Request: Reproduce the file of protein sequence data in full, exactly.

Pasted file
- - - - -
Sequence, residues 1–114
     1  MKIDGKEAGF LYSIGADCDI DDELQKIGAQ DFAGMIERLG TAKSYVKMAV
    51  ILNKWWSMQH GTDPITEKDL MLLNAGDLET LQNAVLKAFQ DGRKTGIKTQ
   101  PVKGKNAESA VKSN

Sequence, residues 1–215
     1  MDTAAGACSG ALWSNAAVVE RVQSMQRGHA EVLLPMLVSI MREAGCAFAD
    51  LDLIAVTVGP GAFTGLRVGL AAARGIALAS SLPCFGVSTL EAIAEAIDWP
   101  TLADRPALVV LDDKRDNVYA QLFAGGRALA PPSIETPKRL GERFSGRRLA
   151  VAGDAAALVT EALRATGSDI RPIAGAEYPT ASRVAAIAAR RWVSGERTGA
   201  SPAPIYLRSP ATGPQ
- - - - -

Sequence, residues 1–114
     1  MKIDGKEAGF LYSIGADCDI DDELQKIGAQ DFAGMIERLG TAKSYVKMAV
    51  ILNKWWSMQH GTDPITEKDL MLLNAGDLET LQNAVLKAFQ DGRKTGIKTQ
   101  PVKGKNAESA VKSN

Sequence, residues 1–215
     1  MDTAAGACSG ALWSNAAVVE RVQSMQRGHA EVLLPMLVSI MREAGCAFAD
    51  LDLIAVTVGP GAFTGLRVGL AAARGIALAS SLPCFGVSTL EAIAEAIDWP
   101  TLADRPALVV LDDKRDNVYA QLFAGGRALA PPSIETPKRL GERFSGRRLA
   151  VAGDAAALVT EALRATGSDI RPIAGAEYPT ASRVAAIAAR RWVSGERTGA
   201  SPAPIYLRSP ATGPQ